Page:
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Evidence based practice

News items that focus on evidence based practice

Highlighting evidence based practice guidelines, research and tools from across the UK.

This theme explores what it means to practise in line with best available evidence. It highlights evidence based practice guidelines, research and other tools and updates on evidence based techniques and processes from across the UK. International content from credible resources is also included.

Evidence based practice

BBC Health

Nine lifestyle changes can reduce dementia risk, study says

The BBC has reported on a Lancet study that lists nine key risk factors including lack of education, hearing loss, smoking and physical inactivity.


Pancreatic cancer patients should be offered early scans to avoid unnecessary surgery

NICE recommends the use of a more accurate scan to diagnose and determine the stage of pancreatic cancer in patients.


Age-related macular degeneration

This guideline covers diagnosing and managing age-related macular degeneration (AMD) in adults. It aims to improve the speed at which people are diagnosed and treated to prevent loss of sight. It covers pharmacological and non-pharmacological management of AMD.


Oesophago-gastric cancer: assessment and management in adults

This guideline aims to reduce variation in practice through better organisation of care and support, and improve quality of life and survival by giving advice on the most suitable treatments depending on cancer type, stage and location.


Sore throat (acute): antimicrobial prescribing

This guideline aims to limit antibiotic use and reduce antimicrobial resistance. It stresses that acute sore throat is often caused by a virus, lasts for about a week, most people get better without antibiotics, and withholding antibiotics rarely leads to complications.


NICEtalks ep.1.How can we help people with eating disorders?

In the first episode of NICEtalks, Jess Parker explains what life is really like with an eating disorder and from Professor Christopher Fairburn from Oxford's Department of Psychiatry. NICEtalks focus on current health topics.


Patients to benefit from myeloma treatment through CDF deal

Up to 1,600 patients with multiple myeloma could benefit from a new oral pill after NICE recommends ixazomib, also known as Ninlaro, for use within the Cancer Drugs Fund (CDF).

National Institute for Health Research

Intravenous antibiotics, administered over 3 hours, are linked to lower death rates in sepsis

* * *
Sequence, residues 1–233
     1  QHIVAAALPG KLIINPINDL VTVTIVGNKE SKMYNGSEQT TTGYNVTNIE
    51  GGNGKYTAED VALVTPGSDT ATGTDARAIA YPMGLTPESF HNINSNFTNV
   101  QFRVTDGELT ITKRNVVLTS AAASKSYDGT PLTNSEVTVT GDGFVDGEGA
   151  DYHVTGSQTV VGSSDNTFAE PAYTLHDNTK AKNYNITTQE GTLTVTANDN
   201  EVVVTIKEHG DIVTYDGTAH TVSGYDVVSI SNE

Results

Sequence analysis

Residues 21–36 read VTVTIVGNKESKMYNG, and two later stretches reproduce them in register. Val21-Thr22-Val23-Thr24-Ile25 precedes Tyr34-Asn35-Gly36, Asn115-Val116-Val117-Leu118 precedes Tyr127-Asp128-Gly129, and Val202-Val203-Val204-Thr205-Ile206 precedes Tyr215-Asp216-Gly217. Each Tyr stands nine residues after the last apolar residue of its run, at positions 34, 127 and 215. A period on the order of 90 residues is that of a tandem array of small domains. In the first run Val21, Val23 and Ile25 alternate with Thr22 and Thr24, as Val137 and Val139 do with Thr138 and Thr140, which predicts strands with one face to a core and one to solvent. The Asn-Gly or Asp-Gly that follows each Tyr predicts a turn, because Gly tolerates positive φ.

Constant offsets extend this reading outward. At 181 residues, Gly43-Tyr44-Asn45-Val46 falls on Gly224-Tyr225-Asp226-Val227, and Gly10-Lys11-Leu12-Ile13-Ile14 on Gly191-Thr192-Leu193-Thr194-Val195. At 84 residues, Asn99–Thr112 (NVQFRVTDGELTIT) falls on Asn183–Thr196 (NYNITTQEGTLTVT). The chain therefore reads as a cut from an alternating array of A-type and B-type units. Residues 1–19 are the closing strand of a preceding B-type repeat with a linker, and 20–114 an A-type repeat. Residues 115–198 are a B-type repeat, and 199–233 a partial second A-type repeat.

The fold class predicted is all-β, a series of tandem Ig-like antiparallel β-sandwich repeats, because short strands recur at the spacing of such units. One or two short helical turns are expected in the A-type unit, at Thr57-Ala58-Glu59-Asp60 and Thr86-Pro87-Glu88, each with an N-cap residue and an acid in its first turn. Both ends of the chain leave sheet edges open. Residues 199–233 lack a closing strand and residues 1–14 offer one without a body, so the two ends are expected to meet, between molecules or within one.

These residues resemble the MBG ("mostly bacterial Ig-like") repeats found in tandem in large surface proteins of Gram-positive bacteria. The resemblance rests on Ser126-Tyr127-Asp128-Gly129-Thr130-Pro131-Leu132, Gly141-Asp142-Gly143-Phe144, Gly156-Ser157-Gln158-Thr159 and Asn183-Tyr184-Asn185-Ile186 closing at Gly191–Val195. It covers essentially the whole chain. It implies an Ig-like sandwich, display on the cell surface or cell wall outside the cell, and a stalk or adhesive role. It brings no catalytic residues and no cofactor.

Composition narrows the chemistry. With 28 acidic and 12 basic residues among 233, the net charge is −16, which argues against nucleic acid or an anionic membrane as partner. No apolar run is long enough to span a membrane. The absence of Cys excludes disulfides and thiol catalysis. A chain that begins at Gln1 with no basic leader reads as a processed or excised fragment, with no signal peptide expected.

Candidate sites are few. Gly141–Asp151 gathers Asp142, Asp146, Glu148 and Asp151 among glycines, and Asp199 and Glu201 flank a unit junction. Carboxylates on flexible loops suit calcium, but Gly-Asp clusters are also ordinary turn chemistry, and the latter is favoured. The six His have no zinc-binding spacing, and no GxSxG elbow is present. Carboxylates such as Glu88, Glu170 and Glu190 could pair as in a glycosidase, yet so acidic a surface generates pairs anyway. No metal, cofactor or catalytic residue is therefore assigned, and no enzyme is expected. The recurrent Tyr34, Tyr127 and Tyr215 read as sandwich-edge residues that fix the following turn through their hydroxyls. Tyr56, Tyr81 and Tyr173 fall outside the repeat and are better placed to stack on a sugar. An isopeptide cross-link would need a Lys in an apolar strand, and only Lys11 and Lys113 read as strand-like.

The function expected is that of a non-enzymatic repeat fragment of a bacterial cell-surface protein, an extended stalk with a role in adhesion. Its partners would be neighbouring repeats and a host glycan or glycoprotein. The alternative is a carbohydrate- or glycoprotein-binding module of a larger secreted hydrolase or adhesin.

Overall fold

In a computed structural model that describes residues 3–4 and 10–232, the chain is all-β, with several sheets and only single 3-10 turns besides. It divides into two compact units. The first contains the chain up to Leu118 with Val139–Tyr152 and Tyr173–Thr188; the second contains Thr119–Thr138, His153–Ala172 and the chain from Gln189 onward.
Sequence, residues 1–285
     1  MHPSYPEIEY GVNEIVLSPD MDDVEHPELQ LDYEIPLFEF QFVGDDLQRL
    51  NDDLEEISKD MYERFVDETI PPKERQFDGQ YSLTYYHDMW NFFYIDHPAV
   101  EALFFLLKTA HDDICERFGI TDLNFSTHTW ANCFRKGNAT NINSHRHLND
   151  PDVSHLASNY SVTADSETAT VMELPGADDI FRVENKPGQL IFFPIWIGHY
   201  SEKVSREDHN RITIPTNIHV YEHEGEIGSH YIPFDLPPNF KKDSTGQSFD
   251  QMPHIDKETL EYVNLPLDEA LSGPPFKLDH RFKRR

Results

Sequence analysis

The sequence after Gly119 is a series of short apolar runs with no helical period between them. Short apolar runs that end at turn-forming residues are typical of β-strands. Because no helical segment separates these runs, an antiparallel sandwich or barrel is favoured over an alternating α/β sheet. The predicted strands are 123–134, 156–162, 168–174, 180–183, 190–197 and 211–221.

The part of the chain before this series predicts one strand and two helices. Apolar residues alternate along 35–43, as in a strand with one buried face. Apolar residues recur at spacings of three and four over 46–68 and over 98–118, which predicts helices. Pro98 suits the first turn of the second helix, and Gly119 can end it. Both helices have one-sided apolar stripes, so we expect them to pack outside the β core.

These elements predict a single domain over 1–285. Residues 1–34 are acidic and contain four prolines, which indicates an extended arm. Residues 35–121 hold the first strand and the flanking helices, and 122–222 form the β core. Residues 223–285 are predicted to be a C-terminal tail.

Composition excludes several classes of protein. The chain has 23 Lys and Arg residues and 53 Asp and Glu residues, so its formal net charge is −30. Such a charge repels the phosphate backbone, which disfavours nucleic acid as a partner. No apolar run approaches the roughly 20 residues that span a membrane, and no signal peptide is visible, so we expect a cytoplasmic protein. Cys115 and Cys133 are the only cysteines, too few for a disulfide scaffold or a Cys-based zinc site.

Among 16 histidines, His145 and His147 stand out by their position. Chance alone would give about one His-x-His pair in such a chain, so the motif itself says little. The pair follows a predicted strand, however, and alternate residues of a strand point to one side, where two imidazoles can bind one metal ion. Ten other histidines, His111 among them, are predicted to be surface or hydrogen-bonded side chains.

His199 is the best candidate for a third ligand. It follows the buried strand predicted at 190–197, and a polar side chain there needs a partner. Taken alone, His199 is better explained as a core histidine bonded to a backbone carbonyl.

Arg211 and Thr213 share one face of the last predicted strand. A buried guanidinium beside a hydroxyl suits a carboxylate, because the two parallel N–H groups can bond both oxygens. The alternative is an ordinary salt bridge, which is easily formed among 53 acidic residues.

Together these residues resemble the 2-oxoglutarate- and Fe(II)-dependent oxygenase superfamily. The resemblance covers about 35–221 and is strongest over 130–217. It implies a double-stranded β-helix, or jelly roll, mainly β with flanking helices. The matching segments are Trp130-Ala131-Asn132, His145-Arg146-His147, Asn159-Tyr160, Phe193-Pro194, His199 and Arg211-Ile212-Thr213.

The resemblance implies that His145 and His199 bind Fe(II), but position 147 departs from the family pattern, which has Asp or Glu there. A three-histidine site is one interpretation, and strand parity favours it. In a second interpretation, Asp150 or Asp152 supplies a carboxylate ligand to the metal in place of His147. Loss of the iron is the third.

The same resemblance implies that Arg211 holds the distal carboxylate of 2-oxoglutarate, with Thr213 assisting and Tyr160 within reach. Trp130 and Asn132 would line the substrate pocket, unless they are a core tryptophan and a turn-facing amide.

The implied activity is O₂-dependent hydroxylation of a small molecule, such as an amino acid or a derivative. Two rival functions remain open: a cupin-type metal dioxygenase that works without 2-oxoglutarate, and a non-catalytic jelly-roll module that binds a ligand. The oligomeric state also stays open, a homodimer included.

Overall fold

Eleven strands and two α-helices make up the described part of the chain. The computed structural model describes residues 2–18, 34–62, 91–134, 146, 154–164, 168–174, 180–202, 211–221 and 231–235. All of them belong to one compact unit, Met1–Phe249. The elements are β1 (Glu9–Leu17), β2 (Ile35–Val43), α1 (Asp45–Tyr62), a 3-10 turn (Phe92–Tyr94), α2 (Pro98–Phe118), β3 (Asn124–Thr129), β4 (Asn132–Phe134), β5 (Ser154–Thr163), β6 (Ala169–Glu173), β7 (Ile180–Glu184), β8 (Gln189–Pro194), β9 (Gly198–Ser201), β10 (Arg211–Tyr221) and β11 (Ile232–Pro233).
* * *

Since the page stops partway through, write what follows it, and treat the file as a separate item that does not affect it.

The risk of death in adults with sepsis was 30% lower when each dose of antibiotic was given intravenously over three hours compared to a bolus or less than 60 minutes.

NIHR Signal

Stopping biological drugs for rheumatoid arthritis can lead to twice the relapse rate

It seems safer to reduce the dose of biological drugs, rather than to stop them if people with rheumatoid arthritis and their doctors want to avoid relapse. Stopping these powerful drugs caused the disease to recur in 58% of people compared with 29% who continued them.

NIHR Signal

New screening pathway could help to identify a rare, single-gene form of diabetes

A screening pathway using blood and urine tests followed by two genetic (DNA) tests identified all people with a rare subtype of diabetes called monogenic diabetes. The screening pathway performed better than current practice based on age at diagnosis and family history which misses 63%.

NIHR Signal

A primary care intervention helps older people with depression

Enhanced case management (also called collaborative care) added to primary care reduced symptoms in people with clinical depression, compared with usual primary care. The benefit was similar to other depression treatments. However, the small benefit over usual care was not sustained to 12 months.

NIHR Signal

Biological therapies for psoriasis do not increase serious infection risk

People with psoriasis who take an immune-modulating treatment are no more likely to get serious infections than people taking standard therapies. There are fears that these biological therapies raise the risk of serious infections and this has discouraged their use.

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